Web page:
Theme and Variation

This is wonderful. I needed this so. Andrew Kern from Circe Institute:

If we want our schools to flourish we need to order them to, in, and by Christ. Nothing else is a sufficient principle of order. College admissions, for example, can work as a guide if human life can be defined by the act of getting into a good college. But if it isn’t and if that end still guides the curriculum and pedagogy of a school, then it isn’t a big enough principle to enrich much of it. The school may succeed in “worldly” terms, but it will grow strangely dim. 

But if to become like Christ, if to become a variation on that theme, is the goal of the school, if Christ the Incarnate Logos orders the curriculum, pedagogy, goverance, environment, community, and even modes of assessment of the school or home, then something will live that Christless eyes can never see.

I want to appeal to every Christian who educates anybody or who oversees any educational community, please believe in Him and do not fear the world. We cannot afford it any more. If we have not had faith in the green years, how will it arise in the brown? We all need to repent. None of us have fervently and perfectly made Christ the Logos of our school or home. Let us begin now.

Let us who carry His name believe in Him. He is up to the task. He is sufficient.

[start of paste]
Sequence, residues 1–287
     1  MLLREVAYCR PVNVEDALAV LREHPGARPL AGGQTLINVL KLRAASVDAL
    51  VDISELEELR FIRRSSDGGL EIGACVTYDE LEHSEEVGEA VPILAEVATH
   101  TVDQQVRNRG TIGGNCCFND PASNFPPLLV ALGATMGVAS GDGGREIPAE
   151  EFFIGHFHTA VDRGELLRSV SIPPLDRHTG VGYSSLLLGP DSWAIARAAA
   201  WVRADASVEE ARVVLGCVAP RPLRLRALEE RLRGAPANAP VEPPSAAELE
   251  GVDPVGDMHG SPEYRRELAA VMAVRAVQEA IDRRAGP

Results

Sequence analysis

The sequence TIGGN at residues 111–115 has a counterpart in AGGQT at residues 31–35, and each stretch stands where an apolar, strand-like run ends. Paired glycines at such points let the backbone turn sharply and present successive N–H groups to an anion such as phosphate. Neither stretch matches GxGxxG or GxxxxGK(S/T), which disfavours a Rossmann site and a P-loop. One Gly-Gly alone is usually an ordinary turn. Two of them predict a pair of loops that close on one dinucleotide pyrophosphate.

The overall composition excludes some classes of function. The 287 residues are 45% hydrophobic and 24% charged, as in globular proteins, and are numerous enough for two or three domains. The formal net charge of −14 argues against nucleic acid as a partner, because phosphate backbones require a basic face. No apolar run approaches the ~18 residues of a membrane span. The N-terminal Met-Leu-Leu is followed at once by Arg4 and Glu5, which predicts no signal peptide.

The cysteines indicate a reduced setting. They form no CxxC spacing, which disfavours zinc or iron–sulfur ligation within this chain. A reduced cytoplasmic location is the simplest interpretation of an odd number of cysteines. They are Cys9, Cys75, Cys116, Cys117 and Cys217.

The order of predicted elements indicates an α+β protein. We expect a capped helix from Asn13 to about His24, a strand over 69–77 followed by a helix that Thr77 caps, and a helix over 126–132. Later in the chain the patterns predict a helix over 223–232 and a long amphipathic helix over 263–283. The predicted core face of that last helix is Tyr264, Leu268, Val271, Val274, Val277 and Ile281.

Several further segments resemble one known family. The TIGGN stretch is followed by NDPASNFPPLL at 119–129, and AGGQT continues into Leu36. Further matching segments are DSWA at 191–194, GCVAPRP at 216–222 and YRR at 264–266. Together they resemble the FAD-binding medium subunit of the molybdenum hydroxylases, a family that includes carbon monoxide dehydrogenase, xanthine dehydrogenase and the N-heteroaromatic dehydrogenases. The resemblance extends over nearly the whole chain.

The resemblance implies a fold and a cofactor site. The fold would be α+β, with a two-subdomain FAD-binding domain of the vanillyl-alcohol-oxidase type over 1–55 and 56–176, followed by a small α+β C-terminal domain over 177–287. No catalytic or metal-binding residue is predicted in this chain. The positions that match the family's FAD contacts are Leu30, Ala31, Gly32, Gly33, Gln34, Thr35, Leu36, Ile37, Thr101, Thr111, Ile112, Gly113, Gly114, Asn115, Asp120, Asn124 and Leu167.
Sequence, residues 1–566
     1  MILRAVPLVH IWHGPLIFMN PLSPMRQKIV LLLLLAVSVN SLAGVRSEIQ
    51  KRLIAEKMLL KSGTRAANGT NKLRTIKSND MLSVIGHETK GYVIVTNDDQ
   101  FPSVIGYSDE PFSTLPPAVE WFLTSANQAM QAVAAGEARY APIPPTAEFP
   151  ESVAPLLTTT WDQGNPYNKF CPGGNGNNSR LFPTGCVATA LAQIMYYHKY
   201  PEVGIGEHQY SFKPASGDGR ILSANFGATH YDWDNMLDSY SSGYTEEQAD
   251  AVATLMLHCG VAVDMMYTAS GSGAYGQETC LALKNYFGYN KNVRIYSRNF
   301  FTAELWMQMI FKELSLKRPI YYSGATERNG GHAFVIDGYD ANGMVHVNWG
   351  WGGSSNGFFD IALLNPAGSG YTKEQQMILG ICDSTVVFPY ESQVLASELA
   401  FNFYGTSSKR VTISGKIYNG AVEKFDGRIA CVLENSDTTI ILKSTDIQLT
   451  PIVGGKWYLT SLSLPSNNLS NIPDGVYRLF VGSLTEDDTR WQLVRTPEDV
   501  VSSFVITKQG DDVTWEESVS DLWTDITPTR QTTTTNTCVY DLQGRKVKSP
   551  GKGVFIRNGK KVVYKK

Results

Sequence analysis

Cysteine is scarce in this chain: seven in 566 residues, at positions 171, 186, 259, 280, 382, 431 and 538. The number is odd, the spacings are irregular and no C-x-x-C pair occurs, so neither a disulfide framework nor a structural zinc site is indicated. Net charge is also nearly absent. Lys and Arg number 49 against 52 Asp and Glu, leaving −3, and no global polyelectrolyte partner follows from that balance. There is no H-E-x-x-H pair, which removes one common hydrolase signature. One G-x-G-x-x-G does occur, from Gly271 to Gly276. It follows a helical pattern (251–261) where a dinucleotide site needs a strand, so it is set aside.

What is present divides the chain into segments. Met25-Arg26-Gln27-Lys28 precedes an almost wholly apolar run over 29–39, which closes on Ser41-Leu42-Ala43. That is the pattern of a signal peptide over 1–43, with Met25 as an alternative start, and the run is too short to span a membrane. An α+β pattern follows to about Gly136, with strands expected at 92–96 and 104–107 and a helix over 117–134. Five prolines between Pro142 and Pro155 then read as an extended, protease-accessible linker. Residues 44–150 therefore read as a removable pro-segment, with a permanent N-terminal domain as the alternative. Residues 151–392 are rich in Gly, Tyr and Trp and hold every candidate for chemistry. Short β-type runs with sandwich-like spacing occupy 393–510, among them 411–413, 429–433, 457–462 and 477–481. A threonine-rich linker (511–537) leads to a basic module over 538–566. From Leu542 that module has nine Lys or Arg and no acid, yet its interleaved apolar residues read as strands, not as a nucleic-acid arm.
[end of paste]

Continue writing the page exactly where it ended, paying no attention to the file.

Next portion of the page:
Let us repent, for the Kingdom of Heaven is at hand.

Read the whole thing here.

I am in awe of Trump fans.

I get that he has stood up for himself to the media, and he said things people agree with about illegal immigration, but being a tough guy who is right on one issue does not a president make.

Trump isn’t even a conservative. He stood on stage Thursday night and defended universal healthcare. He stood on stage and proudly admitted that he had contributed to the corruption in Washington he now says he will fix. In the past he has come out in favor of gun control and in favor of fixing the deficit by forcing wealthy Americans to forfeit about 15% of their total net worth. These aren’t conservative positions and, unfortunately, he isn’t correcting them in any of the interviews I’ve seen or the debate (he did give a good answer on abortion, for which I give him credit, but it was the only good answer he gave all night). This is the person conservatives are hitching their wagon to? Seriously? He has offered nothing but anger and empty platitudes.